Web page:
Many things from our childhood stay with us. As a kid, I was never into sports. In addition to being an only child, with no dad, I had very poor vision, that was undiscovered until I was ten, and not corrected until I was thirteen. As you might guess, I was the last chosen for any team. I never ran, and hated all forms of ball games. I pouted, frowned, shuffled, cried, and was generally a complete pill on any ‘team’ my p.e. teachers put together. I thought that Dodge Ball was a cruel hoax invented by evil teachers, and I found many animals in the clouds while I was standing in hot outfields, tuning out people yelling, “GET THE BALL!!!” On my own time, though, I learned to be a kid daredevil, climbing up scaffolding and defying death in many stupid ways.
Today the kids and I decided to play a bit of freeze tag, and then baseball. Our baseball is a tennis ball, and our bat is this broken orange thing that bends too much and is an over-sized plastic relic, really. Nonetheless, I enjoy these outings, and have a lot of fun. I get to feel like a good step-parent, and maybe it helps me feel a teeny, tiny bit better about not playing with my own kids more when they were little, being too concerned with housework or laundry.
Everything was great until my ten year old stepson yelled out, “LEE! YOU CAN’T EVEN CATCH!” Suddenly, I was nine again, being taunted by the kids on the kickball or baseball team, and I felt a lot of the same old rejected- loser feelings, and anger. I wanted to stop playing, to just go inside and say “screw it”. It was an immature impulse, and my adult sensibilities eventually won out, but it’s funny how some things stick with you, inside you. Dormant sparks of pain can be easily rekindled. I was surprised. It’s true. My catching and hitting are still pretty poor, and on some days these ‘skills’ are completely missing. I remember, though, that everyone seemed to be a critic and offer their opinions on my lack of ball-handling skills when I was a kid. I hated it, them, and mostly myself. I was always tough on myself anyway. I expected to be able to do things the older kids and adults could do, and nobody could convince me that I had to learn it over time. I was obviously a defect. At home, one step-dad or another was harshly correcting me on how to properly sit on the toilet or yelling at me for something, but from those male ‘father figures’, there was no love, and I never shed a tear when they and my mom would inevitably break up.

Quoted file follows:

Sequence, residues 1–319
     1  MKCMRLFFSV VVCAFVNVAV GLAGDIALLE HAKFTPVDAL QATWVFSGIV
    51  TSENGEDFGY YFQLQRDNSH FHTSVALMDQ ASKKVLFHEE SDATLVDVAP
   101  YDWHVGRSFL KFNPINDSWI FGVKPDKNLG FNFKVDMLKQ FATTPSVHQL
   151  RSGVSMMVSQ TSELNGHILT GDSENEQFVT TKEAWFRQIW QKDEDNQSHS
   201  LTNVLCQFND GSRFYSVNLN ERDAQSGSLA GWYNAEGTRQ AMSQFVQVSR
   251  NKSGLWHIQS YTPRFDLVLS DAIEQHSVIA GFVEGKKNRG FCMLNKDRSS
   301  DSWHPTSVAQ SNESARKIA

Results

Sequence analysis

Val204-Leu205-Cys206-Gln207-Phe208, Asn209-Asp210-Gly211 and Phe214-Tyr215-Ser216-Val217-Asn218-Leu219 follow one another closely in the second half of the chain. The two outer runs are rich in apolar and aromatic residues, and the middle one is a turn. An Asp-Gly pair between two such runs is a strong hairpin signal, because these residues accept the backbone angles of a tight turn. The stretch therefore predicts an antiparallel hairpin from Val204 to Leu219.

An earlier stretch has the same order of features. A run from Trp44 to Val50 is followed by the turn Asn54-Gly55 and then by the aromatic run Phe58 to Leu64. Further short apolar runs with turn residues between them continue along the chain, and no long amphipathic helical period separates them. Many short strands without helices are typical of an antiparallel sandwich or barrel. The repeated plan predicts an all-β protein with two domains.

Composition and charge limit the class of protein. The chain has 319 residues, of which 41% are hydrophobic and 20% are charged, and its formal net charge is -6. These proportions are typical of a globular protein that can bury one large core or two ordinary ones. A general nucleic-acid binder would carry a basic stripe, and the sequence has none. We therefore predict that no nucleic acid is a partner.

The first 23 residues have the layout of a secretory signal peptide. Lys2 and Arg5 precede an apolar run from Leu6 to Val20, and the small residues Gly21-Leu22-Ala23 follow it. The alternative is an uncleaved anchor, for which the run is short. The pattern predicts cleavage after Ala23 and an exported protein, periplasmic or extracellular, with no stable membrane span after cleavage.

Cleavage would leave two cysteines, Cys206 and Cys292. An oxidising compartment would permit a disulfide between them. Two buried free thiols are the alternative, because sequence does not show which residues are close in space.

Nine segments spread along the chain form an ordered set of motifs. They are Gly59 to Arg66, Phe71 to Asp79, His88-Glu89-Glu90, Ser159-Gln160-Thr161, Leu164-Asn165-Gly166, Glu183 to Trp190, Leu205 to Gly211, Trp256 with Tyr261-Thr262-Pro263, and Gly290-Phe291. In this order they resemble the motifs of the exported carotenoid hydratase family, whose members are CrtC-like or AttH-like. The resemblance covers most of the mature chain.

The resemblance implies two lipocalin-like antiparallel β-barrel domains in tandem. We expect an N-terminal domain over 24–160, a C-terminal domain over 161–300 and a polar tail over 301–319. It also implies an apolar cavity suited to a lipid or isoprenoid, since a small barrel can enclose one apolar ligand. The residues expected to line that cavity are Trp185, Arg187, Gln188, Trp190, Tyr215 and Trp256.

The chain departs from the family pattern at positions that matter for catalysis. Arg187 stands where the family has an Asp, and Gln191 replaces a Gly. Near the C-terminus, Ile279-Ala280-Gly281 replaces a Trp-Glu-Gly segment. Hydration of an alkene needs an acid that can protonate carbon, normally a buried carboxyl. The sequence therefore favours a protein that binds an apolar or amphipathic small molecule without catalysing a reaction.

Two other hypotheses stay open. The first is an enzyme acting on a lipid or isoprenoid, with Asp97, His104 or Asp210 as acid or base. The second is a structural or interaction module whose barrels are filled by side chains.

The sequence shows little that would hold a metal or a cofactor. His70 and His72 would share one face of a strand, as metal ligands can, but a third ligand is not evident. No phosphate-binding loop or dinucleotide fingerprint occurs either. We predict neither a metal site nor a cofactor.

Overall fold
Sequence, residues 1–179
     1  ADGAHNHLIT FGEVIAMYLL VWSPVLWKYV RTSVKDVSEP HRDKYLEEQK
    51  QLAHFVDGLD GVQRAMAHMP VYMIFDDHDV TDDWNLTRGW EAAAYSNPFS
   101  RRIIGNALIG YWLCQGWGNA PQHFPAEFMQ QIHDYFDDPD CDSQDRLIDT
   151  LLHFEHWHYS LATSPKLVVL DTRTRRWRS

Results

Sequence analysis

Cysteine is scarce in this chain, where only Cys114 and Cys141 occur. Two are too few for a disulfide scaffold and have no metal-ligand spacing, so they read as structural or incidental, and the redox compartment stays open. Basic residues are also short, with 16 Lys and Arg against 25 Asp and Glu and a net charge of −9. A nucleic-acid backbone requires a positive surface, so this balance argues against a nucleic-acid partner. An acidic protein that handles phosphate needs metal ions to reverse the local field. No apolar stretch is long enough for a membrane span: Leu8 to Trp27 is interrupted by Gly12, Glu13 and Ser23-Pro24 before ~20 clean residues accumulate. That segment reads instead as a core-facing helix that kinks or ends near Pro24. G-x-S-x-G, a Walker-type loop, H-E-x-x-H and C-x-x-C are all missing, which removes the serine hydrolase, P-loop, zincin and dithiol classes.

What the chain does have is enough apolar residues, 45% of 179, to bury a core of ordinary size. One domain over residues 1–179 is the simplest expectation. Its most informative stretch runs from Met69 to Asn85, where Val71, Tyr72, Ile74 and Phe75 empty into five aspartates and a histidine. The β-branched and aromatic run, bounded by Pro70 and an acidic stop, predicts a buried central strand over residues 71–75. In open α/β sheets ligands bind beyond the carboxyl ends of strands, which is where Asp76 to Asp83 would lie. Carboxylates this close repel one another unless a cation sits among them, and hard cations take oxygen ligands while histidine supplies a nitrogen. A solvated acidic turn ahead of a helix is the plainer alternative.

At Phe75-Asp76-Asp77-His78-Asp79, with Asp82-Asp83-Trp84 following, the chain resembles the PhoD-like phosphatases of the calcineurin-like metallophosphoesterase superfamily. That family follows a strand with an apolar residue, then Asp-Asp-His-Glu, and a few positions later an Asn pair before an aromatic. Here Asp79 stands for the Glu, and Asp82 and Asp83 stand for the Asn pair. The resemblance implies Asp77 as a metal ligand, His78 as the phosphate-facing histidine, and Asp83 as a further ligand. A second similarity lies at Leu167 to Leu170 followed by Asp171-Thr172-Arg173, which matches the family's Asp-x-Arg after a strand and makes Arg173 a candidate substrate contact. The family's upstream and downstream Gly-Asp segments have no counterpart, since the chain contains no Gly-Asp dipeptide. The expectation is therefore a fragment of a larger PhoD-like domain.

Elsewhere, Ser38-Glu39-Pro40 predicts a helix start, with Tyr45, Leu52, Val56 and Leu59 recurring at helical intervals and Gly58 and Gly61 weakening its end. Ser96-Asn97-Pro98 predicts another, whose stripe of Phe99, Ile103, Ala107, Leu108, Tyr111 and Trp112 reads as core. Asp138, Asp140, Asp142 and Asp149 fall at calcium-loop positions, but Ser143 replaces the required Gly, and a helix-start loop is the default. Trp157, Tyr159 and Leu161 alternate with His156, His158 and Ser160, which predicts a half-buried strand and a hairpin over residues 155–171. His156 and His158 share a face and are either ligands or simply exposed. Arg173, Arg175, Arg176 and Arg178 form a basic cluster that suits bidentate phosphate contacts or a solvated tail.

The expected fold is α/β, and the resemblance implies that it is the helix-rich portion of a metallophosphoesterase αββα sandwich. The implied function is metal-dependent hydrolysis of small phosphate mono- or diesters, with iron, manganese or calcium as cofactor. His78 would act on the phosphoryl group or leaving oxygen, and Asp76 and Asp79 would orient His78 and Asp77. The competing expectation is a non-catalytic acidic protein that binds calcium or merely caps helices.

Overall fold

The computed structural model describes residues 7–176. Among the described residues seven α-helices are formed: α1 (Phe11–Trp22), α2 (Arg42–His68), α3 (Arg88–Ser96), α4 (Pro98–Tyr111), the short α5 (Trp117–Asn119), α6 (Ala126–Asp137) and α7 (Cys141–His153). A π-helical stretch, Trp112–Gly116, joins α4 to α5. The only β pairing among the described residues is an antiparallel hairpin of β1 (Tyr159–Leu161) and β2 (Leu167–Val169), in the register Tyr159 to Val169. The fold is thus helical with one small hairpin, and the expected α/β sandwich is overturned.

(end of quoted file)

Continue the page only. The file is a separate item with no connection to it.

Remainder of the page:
It took a lot of time before I got even remotely interested in any kind of sport. I was nineteen. It started with biking, hiking, and then tennis. I didn’t ever get good at tennis, but I really enjoyed it, and still do.
I have learned over time to be happy with playing, even without playing well- for the most part. But somehow, hearing a kid criticize me brought up all these old feelings of worthlessness, all because of not catching a tennis ball lobbed at me. Why?
Why should it matter or even bother me?
When we are kids, we are like wet cement, or little flowers. We are fragile, easily molded, or trampled. The things we experience shape our entire lives. If the majority of our experiences are positive, encouraging, and loving, we tend to feel a lot better about ourselves. When we feel good about ourselves, we are more confident, more likely to experience success, and that success fuels more likelihood of even more future success.
Some people have more natural pluck and resilience than others. Some might set out to resolutely prove their detractors wrong. Others believe the negative barrage, and live it out.
Interestingly, the things I was encouraged in were the very things I became the best at, but deep inside, I have always felt as though most people were more grown up and more competent than I. I have learned a bit about not comparing myself to others, but it’s still a challenge.
So, parents, coaches, friends, step-parents, grandparents, teachers; all of us: please, don’t criticize, tease and bully others. Don’t make people feel bad because they lack a certain skill. Don’t make such a big deal about it if someone you know and ‘love’ doesn’t perform a task at your level. Teach them, or let them be themselves. Not everyone is a natural athlete. Not everyone likes sports. Some of us like to read, write, and cook. Maybe, with love and acceptance, and a bit of encouragement, these people will excel in what THEY love. Help them discover what that is, and remember that the seeds you are planting today will keep sprouting, with deepening roots, forever. Kids are, well- kids. Stop trying to control their every move. Remember how powerful a gruff voice can be. Parents, correct and discipline with love as the motivation, not some twisted concept of creating someone in your own image, or worse, trying to create someone you wish you could have been.
Kids need time to grow, to learn, and to just be kids. Let them. Be patient. Accept them as they are.
Go enjoy every moment of the summer. Kick off your polished shoes and just relax with your family. Laugh, and remember what it’s like to be a kid.